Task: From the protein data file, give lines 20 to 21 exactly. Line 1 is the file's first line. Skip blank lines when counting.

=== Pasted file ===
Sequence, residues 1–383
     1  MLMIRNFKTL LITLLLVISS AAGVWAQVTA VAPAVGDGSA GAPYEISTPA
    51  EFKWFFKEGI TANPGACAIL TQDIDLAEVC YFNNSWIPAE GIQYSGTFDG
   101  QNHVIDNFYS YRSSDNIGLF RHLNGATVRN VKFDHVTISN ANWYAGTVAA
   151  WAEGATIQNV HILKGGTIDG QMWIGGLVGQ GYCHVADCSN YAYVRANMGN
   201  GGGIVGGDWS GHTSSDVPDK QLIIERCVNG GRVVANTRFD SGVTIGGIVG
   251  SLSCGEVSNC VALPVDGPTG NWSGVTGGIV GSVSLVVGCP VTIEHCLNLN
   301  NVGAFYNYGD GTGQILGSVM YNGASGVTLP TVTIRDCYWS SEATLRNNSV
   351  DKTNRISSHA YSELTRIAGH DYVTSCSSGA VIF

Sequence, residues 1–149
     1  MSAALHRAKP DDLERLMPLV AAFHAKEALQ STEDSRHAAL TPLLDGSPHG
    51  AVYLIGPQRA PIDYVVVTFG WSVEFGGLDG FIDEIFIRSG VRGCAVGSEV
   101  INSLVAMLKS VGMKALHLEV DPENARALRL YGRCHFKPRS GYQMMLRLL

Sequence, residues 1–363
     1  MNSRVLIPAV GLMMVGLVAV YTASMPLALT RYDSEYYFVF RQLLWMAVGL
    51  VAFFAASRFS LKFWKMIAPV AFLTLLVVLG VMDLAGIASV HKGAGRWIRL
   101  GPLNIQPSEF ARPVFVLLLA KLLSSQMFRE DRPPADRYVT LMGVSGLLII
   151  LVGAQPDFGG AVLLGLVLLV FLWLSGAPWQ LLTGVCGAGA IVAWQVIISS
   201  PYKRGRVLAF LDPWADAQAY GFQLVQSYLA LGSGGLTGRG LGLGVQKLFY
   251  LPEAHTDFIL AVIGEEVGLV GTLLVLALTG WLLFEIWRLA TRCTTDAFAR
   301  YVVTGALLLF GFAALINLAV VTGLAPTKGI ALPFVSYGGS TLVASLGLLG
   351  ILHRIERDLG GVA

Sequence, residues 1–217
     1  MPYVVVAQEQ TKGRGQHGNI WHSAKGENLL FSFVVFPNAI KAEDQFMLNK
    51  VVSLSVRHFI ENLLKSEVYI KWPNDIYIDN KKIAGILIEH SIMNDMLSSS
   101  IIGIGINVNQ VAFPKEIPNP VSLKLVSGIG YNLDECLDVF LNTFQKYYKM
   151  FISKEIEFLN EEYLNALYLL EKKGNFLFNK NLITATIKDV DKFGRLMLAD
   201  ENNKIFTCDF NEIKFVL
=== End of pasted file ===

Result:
   251  LPEAHTDFIL AVIGEEVGLV GTLLVLALTG WLLFEIWRLA TRCTTDAFAR
   301  YVVTGALLLF GFAALINLAV VTGLAPTKGI ALPFVSYGGS TLVASLGLLG